The Public Schools of the Tarrytowns opened last Thursday, despite record rains, flooding and road closures, Superintendent Howard Smith noted at last night's board meeting.
Budgetary cuts eliminated some needed painting, but buildings were ready to receive students. And more than 50 percent of the district's teachers had participated in summer curriculum work to better instruction.
Bussing Changes Cause Hardships
However, new bussing regulations approved by the voters of Sleepy Hollow and Tarrytown last spring have created a hardship for many families who in the past depended on school busses.
To save money, the voters agreed to close the Tappan Hill School in 2010. Last spring, to net additional savings, bussing distances were increased for third- through fifth-grade students now schooled at Washington Irving School.
$100,000 in transportation costs were cut by expanding the minimum walking distance at the Washington Irving School from .5 miles to .8 miles. Smith said that while 6 busses had served the school in 2010-11, this year only 5 are running, eliminating both the bus and the driver.
"Walking distances can only be changed by a community vote," Smith said. "The voters in May approved this, and by law we are not authorized to change this."
Norman Purdy, a parent, spoke for a group of parents in his neighborhood whose third-graders are no longer eligible for transportation. "These kids are seven years old. We have to keep the children in perspective." Purdy also noted that "99.9 percent of us go to work" and cannot drive the students to school.
School crossing guards are also in short supply, parents said. Crossing guards are supplied by the police departments of both villiages, and Smith acknowledged that the Tarrytown police department had eliminated one crossing guard as a cost-cutting measure.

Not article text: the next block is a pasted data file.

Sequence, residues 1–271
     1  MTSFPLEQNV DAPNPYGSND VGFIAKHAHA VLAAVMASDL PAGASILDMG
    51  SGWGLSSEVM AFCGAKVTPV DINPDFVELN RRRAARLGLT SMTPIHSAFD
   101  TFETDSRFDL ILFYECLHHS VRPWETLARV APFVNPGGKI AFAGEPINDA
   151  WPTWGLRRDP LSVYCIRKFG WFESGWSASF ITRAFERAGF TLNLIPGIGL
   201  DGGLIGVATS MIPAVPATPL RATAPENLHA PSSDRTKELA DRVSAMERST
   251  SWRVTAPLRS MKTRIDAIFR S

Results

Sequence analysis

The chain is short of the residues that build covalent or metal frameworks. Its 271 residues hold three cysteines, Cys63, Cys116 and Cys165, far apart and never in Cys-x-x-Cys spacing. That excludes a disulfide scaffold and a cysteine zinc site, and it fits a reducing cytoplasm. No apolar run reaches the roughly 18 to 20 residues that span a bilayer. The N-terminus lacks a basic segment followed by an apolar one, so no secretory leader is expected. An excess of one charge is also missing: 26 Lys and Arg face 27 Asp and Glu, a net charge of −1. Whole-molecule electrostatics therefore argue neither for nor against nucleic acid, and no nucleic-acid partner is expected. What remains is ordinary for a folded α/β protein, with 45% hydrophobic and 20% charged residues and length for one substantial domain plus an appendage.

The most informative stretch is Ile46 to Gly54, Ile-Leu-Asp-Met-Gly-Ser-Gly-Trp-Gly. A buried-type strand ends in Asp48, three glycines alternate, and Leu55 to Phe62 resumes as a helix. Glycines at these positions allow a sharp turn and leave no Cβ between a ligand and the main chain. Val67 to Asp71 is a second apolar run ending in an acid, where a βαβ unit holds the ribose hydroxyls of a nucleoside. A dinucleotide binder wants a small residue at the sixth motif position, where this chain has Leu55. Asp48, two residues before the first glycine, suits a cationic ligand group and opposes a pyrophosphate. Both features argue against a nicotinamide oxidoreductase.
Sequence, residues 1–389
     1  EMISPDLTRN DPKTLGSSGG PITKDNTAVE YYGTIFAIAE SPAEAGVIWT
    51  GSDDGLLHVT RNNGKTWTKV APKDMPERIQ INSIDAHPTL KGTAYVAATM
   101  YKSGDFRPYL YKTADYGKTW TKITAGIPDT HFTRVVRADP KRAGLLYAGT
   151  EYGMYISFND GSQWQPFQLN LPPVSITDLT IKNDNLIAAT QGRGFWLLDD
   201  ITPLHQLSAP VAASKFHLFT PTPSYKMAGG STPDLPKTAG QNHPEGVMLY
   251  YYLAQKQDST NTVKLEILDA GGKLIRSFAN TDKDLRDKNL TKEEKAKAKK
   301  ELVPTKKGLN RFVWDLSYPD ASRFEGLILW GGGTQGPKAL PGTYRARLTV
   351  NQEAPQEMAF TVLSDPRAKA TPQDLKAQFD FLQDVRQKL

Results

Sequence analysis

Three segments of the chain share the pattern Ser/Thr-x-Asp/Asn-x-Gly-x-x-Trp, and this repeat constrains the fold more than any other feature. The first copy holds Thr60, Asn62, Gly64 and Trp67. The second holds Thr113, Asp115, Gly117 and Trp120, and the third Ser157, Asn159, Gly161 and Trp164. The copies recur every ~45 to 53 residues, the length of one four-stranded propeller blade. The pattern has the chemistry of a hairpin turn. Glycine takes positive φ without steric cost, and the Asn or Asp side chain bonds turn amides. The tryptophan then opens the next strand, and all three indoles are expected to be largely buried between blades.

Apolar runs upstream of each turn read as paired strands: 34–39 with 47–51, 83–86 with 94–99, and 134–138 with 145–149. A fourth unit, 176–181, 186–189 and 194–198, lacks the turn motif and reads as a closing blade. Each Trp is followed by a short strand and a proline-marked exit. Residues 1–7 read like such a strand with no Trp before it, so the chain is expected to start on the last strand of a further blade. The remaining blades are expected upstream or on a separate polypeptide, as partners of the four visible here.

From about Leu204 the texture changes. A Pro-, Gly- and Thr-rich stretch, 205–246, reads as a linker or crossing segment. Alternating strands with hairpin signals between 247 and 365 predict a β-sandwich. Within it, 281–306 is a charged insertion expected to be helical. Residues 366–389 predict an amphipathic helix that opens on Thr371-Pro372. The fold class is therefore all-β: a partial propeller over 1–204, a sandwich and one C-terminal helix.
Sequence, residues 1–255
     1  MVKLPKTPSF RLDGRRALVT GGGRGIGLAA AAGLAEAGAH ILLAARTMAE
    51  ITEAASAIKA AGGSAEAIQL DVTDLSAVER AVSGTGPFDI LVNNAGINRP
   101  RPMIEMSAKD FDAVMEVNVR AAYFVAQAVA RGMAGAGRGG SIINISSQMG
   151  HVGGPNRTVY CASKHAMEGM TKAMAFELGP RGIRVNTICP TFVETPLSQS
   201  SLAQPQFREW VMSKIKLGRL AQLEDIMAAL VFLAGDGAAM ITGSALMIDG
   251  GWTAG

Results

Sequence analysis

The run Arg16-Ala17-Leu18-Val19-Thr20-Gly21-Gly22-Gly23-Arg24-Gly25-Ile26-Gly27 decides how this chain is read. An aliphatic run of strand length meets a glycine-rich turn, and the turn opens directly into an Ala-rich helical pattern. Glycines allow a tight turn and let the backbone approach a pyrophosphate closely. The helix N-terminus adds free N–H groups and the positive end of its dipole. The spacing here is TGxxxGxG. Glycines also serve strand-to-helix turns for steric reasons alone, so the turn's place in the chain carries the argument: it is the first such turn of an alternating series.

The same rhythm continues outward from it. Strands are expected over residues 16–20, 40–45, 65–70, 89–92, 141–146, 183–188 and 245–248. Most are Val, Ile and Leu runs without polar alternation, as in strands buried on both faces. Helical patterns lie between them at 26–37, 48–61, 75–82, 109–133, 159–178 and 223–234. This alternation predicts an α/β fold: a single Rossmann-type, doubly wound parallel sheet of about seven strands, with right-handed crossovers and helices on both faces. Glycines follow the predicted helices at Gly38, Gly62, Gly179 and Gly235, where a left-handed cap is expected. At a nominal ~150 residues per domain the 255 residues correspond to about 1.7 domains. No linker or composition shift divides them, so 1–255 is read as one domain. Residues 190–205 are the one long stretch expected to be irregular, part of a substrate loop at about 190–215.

Another parent said that because Washington Irving starts at 7:45, her third grade daughter would have to leave home at 7 a.m. when in a few weeks it will be dark outside.
Board president Joseph Lillis was visibly moved by the plight of these families. "These are very difficult choices," he said.
Board Vice President Vincent Nadile collected names of parents present at the meeting who were affected by the new walking distances, and Smith said the district would review capacity on existing busses to see if some accommodations could be made.
Smith said, "It's one thing to walk in nice fall weather, but another thing on a snowy winter day."
Back to School Report
Enrollment is up 2 percent, with 90 students registering over the summer and 77 moving out of district. 33 percent of our new students entered from non-public schools, mostly in the middle and high school. Only 9 percent of our departing students went to non-public schools.
Class sizes in the elementary schools are averaging between 23 and 24. The same is true in the high school, however some classes in all the academic disciplines are as large as 34. In the past, Smith said, the district would have hired more teachers to lower the class size, but budget constraints do not allow this now.
Smith reported that kindergarten teachers were pleased with the orientation program provided this year. Sixty-two children participated, and teachers feel that they are more at ease in the building as a result.
Nine percent of elementary students participated in The Horseman Program, a summer program of independent work designed to help struggling students.
Smith also commended teachers who volunteer to read weekly at the library in the Teachers Telling Tales program.
Board member Mimi Godwin commended the parents who raised funds and worked to complete the playground at Washington Irving School. "It's absolute magic, an asset and a tribute to our community."
The Middle School's environmental club, led by advisor Mike Garduilo, won the Edith Reed Award for sustainability.
At the October 6 meeting, the property tax lawsuits called tax certiorari will be the topic of discussion.
The November meeting will consider testing results and the implications for instruction.